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Consumer Perceptions of Electronic Health Information Exchange

  • Jessica S. Ancker
    Correspondence
    Address correspondence to: Jessica S. Ancker, MPH, PhD, 425 E. 61st St., Suite 301, New York NY 10065
    Affiliations
    Department of Pediatrics, Weill Cornell Medical College, New York, New York

    Department of Public Health, Weill Cornell Medical College, New York, New York

    Health Information Technology Evaluation Collaborative (HITEC), New York, New York
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  • Alison M. Edwards
    Affiliations
    Department of Public Health, Weill Cornell Medical College, New York, New York

    Health Information Technology Evaluation Collaborative (HITEC), New York, New York
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  • Melissa C. Miller
    Affiliations
    Department of Public Health, Weill Cornell Medical College, New York, New York

    Health Information Technology Evaluation Collaborative (HITEC), New York, New York
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  • Rainu Kaushal
    Affiliations
    Department of Pediatrics, Weill Cornell Medical College, New York, New York

    Department of Public Health, Weill Cornell Medical College, New York, New York

    Department of Medicine, Weill Cornell Medical College, New York, New York

    NewYork-Presbyterian Hospital, New York, New York

    Health Information Technology Evaluation Collaborative (HITEC), New York, New York
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      Background

      Public support will be critical to the success and long-term sustainability of electronic health information exchange (HIE) initiatives currently promoted by federal policy.

      Purpose

      The goal of this study was to assess consumer perceptions of HIE in a state (New York) with a 6-year history of successful HIE organizations.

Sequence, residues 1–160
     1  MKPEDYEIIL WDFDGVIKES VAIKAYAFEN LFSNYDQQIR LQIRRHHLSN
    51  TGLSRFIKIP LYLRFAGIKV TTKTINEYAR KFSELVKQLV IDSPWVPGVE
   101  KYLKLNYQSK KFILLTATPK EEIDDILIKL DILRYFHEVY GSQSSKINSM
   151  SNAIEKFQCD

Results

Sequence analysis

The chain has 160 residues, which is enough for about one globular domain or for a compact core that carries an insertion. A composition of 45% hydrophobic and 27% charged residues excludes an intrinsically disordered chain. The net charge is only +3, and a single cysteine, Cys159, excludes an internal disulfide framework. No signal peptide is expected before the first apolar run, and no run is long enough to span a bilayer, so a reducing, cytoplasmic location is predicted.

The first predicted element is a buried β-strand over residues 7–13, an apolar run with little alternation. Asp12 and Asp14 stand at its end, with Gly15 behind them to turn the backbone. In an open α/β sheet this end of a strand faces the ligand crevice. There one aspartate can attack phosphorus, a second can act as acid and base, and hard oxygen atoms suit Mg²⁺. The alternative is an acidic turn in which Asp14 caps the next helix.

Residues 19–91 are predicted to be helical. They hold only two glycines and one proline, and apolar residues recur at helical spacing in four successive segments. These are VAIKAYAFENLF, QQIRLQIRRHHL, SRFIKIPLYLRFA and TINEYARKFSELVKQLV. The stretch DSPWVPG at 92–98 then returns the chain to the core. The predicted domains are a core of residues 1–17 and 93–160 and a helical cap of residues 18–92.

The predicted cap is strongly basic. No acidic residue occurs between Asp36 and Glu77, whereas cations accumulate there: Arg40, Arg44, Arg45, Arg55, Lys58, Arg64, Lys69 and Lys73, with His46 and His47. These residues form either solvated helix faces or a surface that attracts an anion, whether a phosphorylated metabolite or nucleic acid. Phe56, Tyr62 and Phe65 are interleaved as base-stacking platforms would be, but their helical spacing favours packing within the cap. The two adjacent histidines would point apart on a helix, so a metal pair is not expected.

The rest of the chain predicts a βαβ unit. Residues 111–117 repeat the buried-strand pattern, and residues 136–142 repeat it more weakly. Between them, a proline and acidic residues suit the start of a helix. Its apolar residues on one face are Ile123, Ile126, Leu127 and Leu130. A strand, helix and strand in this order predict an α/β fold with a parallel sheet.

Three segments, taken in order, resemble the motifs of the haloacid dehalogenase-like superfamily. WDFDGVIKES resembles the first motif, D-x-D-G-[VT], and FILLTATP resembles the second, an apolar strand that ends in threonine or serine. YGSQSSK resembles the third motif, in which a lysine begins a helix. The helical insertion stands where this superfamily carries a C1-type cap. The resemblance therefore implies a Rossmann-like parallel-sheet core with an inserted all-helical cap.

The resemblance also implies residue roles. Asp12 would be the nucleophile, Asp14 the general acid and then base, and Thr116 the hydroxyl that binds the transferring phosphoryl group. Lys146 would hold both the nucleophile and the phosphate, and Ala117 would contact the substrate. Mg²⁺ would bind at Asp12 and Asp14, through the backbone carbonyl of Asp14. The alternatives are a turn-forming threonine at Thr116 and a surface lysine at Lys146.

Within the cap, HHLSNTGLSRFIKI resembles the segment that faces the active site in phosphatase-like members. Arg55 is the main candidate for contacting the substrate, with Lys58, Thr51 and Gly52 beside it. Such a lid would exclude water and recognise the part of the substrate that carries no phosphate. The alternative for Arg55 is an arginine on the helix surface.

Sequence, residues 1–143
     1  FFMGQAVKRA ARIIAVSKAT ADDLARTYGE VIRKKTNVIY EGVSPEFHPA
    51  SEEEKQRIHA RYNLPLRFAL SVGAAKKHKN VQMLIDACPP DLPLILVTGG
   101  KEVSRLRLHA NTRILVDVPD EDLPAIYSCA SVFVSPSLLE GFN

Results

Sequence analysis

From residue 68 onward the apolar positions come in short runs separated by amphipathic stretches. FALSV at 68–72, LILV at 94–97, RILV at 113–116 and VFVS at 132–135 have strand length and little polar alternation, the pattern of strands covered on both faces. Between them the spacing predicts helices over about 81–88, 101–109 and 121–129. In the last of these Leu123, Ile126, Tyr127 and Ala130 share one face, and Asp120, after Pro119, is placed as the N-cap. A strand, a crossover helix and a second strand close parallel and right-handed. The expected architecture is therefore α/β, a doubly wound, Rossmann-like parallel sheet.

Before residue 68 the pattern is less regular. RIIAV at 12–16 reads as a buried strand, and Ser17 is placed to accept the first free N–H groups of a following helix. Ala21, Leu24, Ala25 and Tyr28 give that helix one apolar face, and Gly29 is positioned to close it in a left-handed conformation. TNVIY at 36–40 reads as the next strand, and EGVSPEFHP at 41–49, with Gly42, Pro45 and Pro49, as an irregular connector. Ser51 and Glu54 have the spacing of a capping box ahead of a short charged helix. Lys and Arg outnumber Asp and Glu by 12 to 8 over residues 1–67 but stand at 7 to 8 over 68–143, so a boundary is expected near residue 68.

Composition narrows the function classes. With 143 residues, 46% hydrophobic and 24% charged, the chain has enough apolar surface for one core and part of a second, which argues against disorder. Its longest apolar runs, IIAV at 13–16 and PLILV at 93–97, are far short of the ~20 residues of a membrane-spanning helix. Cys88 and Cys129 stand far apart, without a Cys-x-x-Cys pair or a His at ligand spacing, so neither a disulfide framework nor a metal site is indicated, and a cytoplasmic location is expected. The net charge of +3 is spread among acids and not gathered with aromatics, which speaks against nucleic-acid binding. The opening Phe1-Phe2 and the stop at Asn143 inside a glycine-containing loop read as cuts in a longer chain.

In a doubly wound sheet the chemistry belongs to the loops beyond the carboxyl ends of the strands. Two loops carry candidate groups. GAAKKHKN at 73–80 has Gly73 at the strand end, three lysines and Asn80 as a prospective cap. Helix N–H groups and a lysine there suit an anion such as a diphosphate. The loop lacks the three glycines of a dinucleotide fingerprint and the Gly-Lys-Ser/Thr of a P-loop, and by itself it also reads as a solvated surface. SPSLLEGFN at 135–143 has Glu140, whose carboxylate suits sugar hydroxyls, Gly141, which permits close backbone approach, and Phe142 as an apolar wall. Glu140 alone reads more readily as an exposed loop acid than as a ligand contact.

Methods

      The Empire State Poll is a random-digit-dial telephone survey of adult New York State residents conducted annually by the Survey Research Institute at Cornell University. In 2011, it contained 77 items.

      Results

      The survey was conducted and data were analyzed in 2011. Eight hundred respondents participated (71% response rate). Large majorities supported HIE among healthcare providers (69%); thought it would improve quality of care (68%); and supported “break the glass” access to HIE data without need for consent in emergencies (90%). Support was lower among people who rated large corporations as less trustworthy. Privacy and security concerns were expressed by 68%. Respondents were supportive whether the architecture involved a physician sending data to another physician, a physician sending data to a patient who could send it to other physicians, or a physician accessing data from other institutions.

      Conclusions

      In New York, public support for HIE is strong. Policy and outreach pertaining to this type of exchange may be most effective if it clarifies the roles and responsibilities of large businesses involved in different aspects of the exchange, and privacy and security controls. Differing architectures received similar levels of support.
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